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Patient gets new nose tip from IU School of Dentistry in just a few hours

For Immediate Release Nov 16, 2017

INDIANAPOLIS – An Indiana University School of Dentistry-led team at IUPUI has dramatically cut the length of time it takes to make artificial facial parts, giving its latest patient a new tip for his nose in a matter of hours.

The team has refined its use of digital technology to the point where it “can make a thought into a thing very quickly,” said the team’s leader, Dr. Travis Bellicchi, a fourth-year maxillofacial prosthodontics resident.

Composite of Jerry Faber without and with his nose prosthesis
Jerry Faber, without and with his nose prosthesis.

“The digital workflow allows us to move much faster,” Bellicchi said. “We capture the facial geometry with an LED structured light scanner. That happens in a matter of seconds. So you instantly have a three-dimensional volumetric representation of the patient’s face in a digital form, upon which you can virtually sculpt a prosthesis using organic modeling software.”

Jerry Faber of Osgood, Indiana, received the nose prosthesis. He used one word to describe it: “Wonderful.”

Faber lost part of his nose to cancer. After three failed plastic surgeries, Faber said, “I was done. I couldn’t take being cut on anymore.” He was referred to Bellicchi and “hoped for the best.”

Faber received the nose prosthesis in less than 24 hours after his first visit to Bellicchi.

“I’m just flabbergasted,” Faber said. ”A lot of people don’t even notice it. It’s fake, but it looks so real.”

The fabrication of a prosthesis begins with facial scanning, moves to digital design and ends with 3-D printing.

“We are unique in the sense that we commit completely to the digital workflow for every new prosthesis patient,” Bellicchi said. ”This is the way I work now. It’s not a backup plan, not an alternative option.”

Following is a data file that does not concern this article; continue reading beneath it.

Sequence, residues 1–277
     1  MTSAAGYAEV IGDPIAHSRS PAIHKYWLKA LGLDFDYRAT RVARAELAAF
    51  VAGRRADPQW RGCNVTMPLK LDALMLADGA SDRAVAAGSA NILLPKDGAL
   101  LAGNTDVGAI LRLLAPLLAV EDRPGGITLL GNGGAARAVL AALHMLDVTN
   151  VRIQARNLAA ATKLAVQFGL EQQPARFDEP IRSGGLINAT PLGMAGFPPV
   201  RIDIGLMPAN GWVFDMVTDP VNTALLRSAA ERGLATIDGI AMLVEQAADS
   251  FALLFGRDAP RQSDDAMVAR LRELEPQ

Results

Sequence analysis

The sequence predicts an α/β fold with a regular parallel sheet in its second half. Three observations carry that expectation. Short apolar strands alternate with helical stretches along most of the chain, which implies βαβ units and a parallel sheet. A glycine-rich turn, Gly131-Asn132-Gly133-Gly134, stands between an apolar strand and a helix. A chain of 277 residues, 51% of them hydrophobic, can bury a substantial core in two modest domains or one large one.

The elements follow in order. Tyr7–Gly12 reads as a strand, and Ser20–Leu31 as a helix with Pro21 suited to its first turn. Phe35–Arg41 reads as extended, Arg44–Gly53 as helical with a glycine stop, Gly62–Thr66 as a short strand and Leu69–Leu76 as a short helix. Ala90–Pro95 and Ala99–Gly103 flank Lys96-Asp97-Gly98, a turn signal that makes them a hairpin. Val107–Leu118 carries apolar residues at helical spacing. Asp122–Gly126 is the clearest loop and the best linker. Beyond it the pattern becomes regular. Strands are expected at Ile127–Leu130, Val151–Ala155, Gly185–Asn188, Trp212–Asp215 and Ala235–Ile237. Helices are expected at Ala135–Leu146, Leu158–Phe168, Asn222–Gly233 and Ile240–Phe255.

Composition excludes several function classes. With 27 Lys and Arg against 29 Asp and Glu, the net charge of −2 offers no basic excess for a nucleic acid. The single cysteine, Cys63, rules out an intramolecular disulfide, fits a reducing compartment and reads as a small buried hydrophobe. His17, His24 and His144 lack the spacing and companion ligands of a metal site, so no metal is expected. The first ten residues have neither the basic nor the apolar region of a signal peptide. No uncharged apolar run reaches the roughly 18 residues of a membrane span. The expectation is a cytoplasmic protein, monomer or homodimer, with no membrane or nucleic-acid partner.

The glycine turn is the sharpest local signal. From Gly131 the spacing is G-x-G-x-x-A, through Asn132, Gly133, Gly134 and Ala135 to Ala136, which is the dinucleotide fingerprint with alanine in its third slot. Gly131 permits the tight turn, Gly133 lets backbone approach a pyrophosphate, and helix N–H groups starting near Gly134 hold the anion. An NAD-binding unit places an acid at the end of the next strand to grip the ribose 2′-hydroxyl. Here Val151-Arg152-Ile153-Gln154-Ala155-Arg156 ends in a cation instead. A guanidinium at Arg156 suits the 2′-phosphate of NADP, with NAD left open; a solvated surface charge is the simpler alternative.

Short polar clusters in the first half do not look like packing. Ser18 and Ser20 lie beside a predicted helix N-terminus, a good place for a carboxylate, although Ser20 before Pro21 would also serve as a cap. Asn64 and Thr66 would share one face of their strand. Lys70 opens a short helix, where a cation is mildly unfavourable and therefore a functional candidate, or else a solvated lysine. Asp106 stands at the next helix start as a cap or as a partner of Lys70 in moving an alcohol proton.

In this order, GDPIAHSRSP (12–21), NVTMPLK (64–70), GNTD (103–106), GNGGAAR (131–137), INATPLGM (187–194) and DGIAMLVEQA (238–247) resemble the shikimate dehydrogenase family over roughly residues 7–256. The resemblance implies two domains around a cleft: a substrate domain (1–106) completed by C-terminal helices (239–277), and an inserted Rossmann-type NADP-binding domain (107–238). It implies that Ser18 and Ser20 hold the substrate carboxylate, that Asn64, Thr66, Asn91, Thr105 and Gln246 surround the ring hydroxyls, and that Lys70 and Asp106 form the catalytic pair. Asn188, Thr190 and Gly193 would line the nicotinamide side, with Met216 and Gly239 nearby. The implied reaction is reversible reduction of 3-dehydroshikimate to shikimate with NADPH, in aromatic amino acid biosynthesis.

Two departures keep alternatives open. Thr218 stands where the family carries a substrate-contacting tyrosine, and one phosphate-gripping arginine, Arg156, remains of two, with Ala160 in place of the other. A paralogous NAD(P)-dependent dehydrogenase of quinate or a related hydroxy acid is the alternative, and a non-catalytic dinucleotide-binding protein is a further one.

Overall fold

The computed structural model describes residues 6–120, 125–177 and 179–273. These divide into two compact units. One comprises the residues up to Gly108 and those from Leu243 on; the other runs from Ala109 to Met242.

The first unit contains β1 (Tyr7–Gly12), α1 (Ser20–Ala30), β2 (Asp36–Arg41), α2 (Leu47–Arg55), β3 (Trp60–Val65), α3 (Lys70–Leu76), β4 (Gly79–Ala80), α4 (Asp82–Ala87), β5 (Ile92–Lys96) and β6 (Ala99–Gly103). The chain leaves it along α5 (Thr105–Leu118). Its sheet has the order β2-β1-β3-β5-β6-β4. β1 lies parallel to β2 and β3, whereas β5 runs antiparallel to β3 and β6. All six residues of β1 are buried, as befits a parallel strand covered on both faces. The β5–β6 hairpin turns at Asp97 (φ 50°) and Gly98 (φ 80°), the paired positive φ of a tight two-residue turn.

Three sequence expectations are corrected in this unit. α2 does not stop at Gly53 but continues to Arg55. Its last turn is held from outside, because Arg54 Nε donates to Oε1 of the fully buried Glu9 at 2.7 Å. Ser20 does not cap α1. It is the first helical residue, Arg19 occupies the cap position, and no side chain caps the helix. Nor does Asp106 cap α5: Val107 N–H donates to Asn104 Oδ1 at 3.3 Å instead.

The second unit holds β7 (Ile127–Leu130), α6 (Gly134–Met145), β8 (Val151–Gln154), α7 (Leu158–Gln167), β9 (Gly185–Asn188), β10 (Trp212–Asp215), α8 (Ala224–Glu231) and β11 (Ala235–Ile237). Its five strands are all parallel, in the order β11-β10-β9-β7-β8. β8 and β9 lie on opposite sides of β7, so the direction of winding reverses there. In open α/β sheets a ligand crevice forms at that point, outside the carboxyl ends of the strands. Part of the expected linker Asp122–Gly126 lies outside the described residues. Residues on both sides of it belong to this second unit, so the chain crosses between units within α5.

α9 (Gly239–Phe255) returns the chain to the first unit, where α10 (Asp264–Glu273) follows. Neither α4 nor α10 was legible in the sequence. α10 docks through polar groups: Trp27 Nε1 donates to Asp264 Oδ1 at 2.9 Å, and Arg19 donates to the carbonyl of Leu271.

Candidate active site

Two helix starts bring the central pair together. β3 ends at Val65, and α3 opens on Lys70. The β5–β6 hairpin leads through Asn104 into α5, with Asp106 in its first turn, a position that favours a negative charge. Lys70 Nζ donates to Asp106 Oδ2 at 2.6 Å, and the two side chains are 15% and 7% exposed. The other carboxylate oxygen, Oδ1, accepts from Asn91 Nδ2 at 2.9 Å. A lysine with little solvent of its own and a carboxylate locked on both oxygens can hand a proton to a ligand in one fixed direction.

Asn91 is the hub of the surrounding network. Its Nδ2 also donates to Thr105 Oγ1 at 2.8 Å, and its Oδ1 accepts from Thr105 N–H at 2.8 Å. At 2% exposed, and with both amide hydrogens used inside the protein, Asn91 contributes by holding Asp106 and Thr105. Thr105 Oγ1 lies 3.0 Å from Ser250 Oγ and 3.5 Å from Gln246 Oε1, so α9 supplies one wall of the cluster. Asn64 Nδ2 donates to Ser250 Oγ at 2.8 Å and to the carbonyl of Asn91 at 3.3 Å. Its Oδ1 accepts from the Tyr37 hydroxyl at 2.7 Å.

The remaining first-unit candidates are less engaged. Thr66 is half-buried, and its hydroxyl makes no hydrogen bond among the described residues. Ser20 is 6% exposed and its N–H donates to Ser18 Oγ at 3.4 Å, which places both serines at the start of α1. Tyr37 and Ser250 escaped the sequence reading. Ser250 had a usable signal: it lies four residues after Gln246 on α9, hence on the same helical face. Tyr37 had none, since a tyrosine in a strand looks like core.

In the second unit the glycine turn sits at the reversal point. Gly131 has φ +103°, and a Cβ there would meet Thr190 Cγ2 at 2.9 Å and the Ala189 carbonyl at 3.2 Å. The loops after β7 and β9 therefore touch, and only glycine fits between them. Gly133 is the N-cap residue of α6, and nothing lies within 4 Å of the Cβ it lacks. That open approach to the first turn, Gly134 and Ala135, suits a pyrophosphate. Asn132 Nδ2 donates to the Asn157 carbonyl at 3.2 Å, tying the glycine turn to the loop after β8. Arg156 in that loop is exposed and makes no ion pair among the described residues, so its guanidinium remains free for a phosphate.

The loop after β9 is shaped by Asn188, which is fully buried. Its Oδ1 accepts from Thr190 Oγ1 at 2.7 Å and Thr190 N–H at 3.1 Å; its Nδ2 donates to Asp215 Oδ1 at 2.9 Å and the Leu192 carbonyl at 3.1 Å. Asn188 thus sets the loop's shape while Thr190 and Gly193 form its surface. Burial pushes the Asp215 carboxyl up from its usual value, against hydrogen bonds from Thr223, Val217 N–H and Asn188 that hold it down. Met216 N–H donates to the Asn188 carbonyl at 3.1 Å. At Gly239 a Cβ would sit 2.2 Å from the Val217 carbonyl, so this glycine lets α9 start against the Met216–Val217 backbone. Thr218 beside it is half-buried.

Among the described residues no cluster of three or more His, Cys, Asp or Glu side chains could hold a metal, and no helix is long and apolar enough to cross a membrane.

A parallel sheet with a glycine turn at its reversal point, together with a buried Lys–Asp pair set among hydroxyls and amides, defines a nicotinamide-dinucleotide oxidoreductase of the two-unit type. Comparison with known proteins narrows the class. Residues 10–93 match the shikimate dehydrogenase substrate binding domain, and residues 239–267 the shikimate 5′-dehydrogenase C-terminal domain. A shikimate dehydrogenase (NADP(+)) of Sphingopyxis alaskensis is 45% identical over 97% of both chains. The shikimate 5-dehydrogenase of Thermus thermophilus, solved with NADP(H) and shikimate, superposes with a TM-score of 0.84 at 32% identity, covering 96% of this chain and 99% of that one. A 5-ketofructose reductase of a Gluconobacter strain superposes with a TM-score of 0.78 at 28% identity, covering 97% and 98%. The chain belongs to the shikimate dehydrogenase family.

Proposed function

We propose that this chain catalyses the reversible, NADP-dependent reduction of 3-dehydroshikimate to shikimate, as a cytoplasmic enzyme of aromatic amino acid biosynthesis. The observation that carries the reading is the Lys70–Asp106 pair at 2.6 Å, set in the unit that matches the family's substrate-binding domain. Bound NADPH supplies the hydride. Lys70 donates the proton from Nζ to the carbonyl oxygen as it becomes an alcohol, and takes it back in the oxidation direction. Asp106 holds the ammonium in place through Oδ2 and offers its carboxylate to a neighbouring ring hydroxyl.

Travis Bellicchi motions toward Jerry Faber's new nose
Travis Bellicchi, left, has a light moment with Jerry Faber.

It was possible for the team to fabricate the prosthesis for Faber so quickly because it lent itself extraordinarily well to a digital workflow, Bellicchi said. Fabricating prostheses digitally can take longer if, for example, a magnetic retention system is needed to keep a prosthesis in place.

Still, the digital fabrication process makes it possible to do in hours what used to take weeks or even months to do using the traditional time-consuming process that involved making a facial impression using a papier-mâché-type material and a plaster cast, sculpting the artificial part from clay or wax, and then creating another plaster mold to produce the prosthesis.

“With a digital workflow, we get closer to a more precise first prosthesis because I can rely on digital design and rapid prototyping,” Bellicchi said. “Even if it’s the first prosthesis we do for a patient, it usually fits better and has more aesthetic appeal than what I was able to accomplish sculpting with clay or wax and relying on plaster molds to fabricate a silicone prosthesis.”

“It’s thrilling to see patients’ reactions to the work we do,” he said. “I just love my job. I just love it.”

The Digital team that worked to produce the nose prosthesis included Cade B.T. Jacobs, a design specialist/digital artist who recently graduated from the IU School of Informatics and Computing’s Media Arts and Science program, Jordan N. Nelsen a design specialist/digital artist who is an undergraduate in the School of Informatics and Computing’s Media Arts and Science program, and Nicole Alderson, a School of Dentistry Department of Illustrations staff member who characterizes and colors the prosthetic after its molded, is a recent IU Herron School of Art and Design graduate trained in fine art portraiture and sculpting.

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Rich Schneider

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